Identifying mutations and patterns of their appearance and impact is important in furthering the biblical creation model. Genes affecting coloration are relatively easy to identify and several have been well studied. Here, variation in a gene affecting the development and movement of pigment cells, KIT, is examined. This complex gene codes for a complex protein important in a number of pathways. Many mutations have been identified in each of the species studied. Interesting examples of epigenetic modification and reversions have been documented in mice. This gene has shown up in surprising places in cats and dogs. Some mutations result in pleiotropy, although this is variable depending on genetic background, type of mutation, and location of the mutation. Mutations also result in interesting variety including white animals and white spotting phenotypes.
Previously, creationist studies have pointed out the importance of evaluating genetic data to determine the types of mutations which have likely occurred throughout history. This will contribute to a deeper understanding of the role mutations play and better inform apologetic arguments as it further builds the creation model. Biblically we don’t have enough information to know the genetic variability that existed at creation. We are not told how many animals were created in each kind. Also, although there were only two humans, Eve may have carried alleles in her egg cells that differed from those in her body. However, we do have an idea of the genetic variability that could be expected after the genetic bottleneck at the Flood. Unclean animals, such as pigs, horses, and mice, survived the Flood as single breeding pairs. Thus, up to four alleles for any particular locus could have been present. For humans, a maximum of 10 alleles could have made it through unless Noah’s sons carried mutations.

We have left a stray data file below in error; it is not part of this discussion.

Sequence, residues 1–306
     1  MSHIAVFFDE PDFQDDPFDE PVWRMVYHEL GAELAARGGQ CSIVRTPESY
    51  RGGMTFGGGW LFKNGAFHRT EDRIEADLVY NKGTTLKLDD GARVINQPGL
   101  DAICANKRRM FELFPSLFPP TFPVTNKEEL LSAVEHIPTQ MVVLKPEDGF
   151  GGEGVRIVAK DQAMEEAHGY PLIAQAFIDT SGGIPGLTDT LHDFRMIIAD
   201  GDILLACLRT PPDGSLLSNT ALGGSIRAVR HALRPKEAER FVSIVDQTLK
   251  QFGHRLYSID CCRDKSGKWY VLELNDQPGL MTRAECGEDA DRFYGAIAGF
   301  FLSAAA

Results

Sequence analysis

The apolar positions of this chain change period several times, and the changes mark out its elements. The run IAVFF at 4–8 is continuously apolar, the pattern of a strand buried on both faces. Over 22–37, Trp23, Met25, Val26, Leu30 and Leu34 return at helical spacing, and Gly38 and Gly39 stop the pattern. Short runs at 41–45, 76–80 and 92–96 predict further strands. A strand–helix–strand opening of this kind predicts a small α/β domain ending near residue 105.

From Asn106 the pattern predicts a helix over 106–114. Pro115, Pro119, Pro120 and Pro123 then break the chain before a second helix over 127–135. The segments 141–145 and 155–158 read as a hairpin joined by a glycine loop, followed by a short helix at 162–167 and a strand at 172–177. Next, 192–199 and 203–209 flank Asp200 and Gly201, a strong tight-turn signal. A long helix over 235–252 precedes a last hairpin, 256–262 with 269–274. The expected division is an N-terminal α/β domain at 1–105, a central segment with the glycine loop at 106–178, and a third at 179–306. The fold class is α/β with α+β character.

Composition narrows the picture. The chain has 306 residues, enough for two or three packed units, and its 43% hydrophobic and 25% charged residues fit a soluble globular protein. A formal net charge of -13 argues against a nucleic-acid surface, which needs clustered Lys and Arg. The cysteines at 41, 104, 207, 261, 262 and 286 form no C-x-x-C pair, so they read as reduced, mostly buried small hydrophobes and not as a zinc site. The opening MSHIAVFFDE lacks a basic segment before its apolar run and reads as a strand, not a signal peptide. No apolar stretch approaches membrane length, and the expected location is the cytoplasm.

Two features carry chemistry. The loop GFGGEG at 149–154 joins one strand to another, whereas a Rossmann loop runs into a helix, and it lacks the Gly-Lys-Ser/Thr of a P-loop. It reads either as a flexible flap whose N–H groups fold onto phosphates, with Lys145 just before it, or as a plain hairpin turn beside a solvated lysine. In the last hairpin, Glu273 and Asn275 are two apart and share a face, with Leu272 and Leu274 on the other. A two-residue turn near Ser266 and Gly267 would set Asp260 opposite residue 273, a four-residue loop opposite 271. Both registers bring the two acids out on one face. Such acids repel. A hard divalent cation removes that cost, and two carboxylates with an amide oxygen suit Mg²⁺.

Genes affecting coat color are relatively easy to discover and study since they obviously affect the appearance of the animal. So far, well over three hundred genes have been identified as affecting coat color in mammals.1 Some of these, such as the MC1R2 and ASIP3 genes, have been fairly well studied and useful information has been obtained by examining mutation patterns at these loci….
Continue Reading on creation.com